My lab uses several methods for research:

1.) Behavioral Experiments — Tasks that are deigned to assess or elicit specific behaviors or mental processes

2.) fMRI – This method allows us to take a picture of your brain and then measure how blood is flowing inside your brain in real time. The logic is that if blood is flowing to a specific part of you brain, then you are probably using that part of the brain. When combined with behavioral experiments, we can determine which parts of the brain are used to do different mental processes.

3.) Computational Modeling – This one is a little tricky to explain but basically, since we don’t know how the brain works entirely, sometimes we come up with a guess. A “model” is just a mathematical representation of that guess. You can make a prediction about behavior or brain activity based on that guess: “If my guess is right, then X, Y, and Z should happen.” Then you do an experiment and see if your guess matches what actually happened. The reason this is important is because the things in your guess (which usually represent real things that might happen in the brain) may not be directly observable in an experiment (like neurotransmitter levels or neuron firing rates), but by using modeling you can infer that they may be involved. In our lab, we develop models to help explain the results of behavioral tasks and to explain brain activity from fMRI studies.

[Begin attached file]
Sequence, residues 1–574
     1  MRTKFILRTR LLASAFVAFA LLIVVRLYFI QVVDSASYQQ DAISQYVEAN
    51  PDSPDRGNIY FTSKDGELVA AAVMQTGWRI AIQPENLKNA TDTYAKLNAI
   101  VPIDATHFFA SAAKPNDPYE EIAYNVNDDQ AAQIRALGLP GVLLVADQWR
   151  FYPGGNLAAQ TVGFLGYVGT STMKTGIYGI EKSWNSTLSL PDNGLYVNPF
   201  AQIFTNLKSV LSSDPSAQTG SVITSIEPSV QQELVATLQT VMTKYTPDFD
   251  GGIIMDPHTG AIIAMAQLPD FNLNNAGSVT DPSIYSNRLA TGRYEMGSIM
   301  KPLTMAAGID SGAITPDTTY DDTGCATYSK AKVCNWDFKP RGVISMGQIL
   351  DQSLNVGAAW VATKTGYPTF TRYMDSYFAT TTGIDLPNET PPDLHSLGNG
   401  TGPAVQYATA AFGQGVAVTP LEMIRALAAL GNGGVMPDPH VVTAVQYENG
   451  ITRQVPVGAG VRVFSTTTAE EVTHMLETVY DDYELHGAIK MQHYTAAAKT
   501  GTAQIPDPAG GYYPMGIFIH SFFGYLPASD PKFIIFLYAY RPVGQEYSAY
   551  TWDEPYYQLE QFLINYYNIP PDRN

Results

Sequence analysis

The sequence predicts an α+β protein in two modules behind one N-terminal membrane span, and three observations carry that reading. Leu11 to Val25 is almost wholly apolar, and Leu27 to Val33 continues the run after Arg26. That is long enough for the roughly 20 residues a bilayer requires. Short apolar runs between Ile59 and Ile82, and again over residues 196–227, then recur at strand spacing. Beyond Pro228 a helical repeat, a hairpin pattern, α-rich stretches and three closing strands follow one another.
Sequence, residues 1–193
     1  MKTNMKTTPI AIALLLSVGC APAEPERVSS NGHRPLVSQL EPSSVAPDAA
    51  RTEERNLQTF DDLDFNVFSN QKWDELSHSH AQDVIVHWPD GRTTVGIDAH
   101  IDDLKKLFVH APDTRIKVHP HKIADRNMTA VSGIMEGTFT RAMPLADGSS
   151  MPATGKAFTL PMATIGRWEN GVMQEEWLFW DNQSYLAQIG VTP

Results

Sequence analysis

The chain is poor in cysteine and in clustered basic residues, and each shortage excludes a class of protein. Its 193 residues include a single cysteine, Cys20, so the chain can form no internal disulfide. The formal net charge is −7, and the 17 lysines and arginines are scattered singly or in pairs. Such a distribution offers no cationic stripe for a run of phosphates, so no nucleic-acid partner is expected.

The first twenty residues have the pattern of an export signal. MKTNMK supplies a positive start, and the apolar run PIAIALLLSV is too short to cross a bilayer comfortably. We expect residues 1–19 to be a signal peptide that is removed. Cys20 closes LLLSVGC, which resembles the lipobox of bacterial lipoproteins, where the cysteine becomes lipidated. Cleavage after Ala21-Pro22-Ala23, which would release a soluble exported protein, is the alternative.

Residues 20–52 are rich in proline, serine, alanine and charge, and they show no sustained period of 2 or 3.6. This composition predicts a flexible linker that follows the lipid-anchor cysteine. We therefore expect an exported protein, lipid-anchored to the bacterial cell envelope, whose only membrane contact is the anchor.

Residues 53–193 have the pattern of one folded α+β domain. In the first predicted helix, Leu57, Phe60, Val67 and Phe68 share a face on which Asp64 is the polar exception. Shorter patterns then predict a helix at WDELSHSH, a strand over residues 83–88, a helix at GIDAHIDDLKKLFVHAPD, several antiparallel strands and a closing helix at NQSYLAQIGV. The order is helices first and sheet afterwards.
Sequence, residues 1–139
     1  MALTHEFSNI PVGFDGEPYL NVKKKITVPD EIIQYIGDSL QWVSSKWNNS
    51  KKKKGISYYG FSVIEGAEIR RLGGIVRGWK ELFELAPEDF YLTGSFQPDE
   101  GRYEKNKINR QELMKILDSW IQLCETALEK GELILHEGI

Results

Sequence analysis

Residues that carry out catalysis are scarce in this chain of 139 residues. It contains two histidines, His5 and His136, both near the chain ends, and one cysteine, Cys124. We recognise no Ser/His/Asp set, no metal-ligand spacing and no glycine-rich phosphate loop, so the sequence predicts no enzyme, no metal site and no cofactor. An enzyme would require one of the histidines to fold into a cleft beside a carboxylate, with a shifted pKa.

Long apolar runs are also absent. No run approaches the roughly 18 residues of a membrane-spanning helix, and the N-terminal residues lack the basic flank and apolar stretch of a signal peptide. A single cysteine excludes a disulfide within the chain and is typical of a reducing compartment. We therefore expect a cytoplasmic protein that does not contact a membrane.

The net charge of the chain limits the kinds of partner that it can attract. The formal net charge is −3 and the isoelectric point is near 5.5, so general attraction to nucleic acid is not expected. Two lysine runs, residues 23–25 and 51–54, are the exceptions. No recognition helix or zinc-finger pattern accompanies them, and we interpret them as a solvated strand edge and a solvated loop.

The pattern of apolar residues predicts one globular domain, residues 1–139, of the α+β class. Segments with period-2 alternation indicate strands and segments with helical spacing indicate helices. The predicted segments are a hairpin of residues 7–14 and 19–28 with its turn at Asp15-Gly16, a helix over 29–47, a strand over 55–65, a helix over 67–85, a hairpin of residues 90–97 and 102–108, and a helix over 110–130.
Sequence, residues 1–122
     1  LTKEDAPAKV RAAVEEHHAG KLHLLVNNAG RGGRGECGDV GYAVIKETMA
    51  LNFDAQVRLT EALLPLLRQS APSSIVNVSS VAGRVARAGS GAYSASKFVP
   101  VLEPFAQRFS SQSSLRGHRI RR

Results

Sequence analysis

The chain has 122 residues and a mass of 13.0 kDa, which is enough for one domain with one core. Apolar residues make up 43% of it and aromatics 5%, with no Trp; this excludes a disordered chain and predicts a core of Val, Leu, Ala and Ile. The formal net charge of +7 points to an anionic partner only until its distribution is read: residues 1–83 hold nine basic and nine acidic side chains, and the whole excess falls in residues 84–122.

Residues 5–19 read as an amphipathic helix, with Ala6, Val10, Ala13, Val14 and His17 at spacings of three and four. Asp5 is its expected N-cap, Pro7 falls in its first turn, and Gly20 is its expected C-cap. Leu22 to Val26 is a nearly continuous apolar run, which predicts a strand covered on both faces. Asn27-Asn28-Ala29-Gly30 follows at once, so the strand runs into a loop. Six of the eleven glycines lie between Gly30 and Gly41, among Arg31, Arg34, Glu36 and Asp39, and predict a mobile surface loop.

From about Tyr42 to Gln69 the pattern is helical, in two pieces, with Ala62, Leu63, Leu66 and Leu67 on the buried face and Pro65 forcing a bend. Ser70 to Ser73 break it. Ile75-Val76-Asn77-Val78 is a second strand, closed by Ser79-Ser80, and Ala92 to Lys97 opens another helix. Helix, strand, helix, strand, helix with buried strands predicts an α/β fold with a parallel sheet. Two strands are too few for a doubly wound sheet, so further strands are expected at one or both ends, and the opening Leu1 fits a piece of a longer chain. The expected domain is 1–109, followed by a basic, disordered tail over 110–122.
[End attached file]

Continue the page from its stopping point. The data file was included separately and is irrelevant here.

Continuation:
What is the best part of your job?            

I really enjoy collaborating with colleagues and the variety of projects I get to work on.

Why do you love science?

I love science because there is always something new and interesting to learn about.

What advice would you give to people interested in a career in science?